Then there is the internet and email communication where the whole world has become one, and knowledge is not the exclusive preserve of a specific individual or group and answers to problems in transfusion can be obtained quickly and painlessly. A great deal of help is available using this technology and many blood services in South Asia have availed themselves of this, often free, information. The attraction of computers is great and sometimes blood services have invested too great a proportion of their funds in this activity to the detriment of other core activities.

In South Asia there has also been a trend for consolidation of smaller blood services into larger or even regional blood centers not only for efficiency but also because of costs. Although individual hospitals often have a great desire to have their own blood transfusion service, based in their hospital, this is inefficient in terms of finance and personnel as only a larger service commonly based outside the hospital environment can introduce all the modern requirements of a modern blood transfusion organization. Where the service is run by an organization such as the Red Cross, there is produced an arrangement where the transfusion service can work in conjunction with various hospitals and meet their blood needs. Models of this kind have emerged in South Asia and could be expanded. Other similar models have also emerged with new financial partnerships between governments, hospitals and the voluntary sector. Certainly there is a 'critical mass' of transfusion activity that is necessary for transfusion center efficiency and multiple small transfusion centers do not produce high standards of performance. This is a problem facing India and some other countries at the present time.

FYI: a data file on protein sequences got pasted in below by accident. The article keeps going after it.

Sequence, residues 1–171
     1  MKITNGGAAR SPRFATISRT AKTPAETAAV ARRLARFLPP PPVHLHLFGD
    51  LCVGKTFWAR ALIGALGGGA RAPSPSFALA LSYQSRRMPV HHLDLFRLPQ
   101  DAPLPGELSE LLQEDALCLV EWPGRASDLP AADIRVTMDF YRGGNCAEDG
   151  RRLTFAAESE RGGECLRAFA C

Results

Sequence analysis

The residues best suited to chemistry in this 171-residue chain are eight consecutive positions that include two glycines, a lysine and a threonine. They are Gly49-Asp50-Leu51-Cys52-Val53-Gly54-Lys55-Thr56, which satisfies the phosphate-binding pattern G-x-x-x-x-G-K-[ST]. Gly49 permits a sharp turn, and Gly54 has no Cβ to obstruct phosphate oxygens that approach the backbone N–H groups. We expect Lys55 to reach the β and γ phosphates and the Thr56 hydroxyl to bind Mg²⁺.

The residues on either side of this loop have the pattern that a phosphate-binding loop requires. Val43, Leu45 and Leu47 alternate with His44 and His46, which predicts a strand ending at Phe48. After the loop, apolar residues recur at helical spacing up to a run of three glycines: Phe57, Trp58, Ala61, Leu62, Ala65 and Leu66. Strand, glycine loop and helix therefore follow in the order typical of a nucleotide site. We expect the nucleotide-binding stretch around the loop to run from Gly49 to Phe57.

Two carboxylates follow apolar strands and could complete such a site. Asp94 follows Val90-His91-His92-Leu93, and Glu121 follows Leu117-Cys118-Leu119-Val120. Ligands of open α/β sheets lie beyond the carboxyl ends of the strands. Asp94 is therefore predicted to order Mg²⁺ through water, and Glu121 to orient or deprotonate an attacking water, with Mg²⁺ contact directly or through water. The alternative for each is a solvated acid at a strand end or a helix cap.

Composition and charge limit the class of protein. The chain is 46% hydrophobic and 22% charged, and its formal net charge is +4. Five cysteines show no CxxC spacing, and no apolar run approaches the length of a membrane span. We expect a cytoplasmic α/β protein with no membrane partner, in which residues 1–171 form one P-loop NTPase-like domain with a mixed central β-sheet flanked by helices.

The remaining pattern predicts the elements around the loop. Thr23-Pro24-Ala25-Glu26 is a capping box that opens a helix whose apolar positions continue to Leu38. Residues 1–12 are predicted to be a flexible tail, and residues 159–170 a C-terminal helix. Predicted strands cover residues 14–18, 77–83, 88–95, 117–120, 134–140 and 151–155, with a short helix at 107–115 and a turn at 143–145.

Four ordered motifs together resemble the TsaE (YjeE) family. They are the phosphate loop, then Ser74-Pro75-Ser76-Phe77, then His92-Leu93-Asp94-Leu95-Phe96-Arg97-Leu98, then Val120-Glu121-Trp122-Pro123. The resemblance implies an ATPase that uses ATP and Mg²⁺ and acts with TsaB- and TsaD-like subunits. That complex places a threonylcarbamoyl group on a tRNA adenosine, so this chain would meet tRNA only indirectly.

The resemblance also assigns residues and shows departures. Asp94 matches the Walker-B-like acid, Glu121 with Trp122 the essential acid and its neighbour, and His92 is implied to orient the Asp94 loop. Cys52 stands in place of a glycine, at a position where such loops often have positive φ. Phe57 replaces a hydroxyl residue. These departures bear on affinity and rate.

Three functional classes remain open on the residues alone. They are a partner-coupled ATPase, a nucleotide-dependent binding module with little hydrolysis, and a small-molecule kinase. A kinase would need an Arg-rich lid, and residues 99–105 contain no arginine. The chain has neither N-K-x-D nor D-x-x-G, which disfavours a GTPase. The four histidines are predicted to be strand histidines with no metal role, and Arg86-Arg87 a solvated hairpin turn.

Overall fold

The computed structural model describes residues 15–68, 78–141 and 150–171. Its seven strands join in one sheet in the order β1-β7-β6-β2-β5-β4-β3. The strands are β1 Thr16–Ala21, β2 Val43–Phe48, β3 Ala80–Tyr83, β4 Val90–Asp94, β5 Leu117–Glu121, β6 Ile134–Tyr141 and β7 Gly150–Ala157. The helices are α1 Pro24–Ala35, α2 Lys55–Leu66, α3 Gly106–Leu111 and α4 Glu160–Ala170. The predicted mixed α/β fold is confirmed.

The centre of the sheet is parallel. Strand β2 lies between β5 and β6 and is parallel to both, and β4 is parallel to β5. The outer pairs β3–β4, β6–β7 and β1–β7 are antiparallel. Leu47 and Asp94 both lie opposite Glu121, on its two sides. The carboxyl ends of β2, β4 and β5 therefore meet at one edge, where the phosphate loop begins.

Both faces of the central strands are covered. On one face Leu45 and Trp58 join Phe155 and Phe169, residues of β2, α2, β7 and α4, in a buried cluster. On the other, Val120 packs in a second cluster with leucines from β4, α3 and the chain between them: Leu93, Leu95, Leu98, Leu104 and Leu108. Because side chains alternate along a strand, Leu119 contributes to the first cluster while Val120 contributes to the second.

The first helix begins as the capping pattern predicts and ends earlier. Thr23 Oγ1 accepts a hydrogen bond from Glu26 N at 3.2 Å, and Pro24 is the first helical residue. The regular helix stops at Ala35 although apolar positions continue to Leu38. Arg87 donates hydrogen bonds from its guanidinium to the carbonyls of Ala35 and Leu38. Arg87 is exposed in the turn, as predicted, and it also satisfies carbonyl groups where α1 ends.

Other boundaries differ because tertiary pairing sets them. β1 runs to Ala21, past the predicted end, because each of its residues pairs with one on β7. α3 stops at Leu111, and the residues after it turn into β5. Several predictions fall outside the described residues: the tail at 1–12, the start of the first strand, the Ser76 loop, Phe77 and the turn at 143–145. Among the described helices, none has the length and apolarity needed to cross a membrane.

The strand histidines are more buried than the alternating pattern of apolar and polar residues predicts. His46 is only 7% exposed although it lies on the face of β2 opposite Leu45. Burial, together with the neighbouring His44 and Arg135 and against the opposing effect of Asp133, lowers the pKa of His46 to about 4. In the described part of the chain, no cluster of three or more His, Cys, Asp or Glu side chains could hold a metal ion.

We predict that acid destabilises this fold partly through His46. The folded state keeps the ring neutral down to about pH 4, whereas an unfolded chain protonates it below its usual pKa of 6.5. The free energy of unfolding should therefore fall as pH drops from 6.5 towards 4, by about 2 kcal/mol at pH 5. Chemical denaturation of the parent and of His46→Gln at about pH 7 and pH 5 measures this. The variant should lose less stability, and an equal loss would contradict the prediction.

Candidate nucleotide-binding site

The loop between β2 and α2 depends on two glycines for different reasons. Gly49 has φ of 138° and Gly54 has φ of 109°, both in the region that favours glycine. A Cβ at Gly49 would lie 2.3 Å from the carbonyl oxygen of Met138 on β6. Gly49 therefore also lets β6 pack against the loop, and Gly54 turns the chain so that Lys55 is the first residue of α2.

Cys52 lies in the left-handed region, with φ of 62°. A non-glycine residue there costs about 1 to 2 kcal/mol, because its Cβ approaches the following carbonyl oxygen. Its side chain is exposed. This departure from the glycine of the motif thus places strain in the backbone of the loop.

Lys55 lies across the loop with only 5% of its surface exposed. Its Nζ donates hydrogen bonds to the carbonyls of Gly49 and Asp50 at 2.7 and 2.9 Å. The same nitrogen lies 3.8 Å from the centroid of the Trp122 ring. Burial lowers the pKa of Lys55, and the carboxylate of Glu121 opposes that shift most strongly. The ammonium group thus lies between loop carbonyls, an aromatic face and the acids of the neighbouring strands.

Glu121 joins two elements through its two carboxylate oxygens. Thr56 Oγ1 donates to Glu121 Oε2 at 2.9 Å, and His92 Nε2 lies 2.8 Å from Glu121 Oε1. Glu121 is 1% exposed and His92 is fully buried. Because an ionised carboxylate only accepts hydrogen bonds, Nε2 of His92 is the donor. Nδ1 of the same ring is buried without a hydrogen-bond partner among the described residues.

All these factors have meant that the improvements in blood service have been accelerated in many South Asian countries. But there is still a long way to go.

One of the things that many countries forget as they struggle to develop their blood services is that even developed countries have had to slowly evolve their services, which did not simply happen overnight. Transfusion science and medicine is a relatively new specialty; certainly my father would have had little concept of transfusion. Paid donors were used for many years in many Western countries. The concept of national blood services took time to evolve and the arguments for and against such coordinated services can still be remembered. The fight to obtain financing from less than sympathetic governmental departments was one that had to be fought by motivated medical officers who could see the future clearly. So what I am saying is that this evolution took time, we made many mistakes, and countries of South Asia need to remember that the march towards a fully fledged and efficient service may be slow and difficult. But South Asian countries now have the benefit of being able to learn from both the good and bad experiences of developed countries now that the flow of accurate and proven data is so easily available.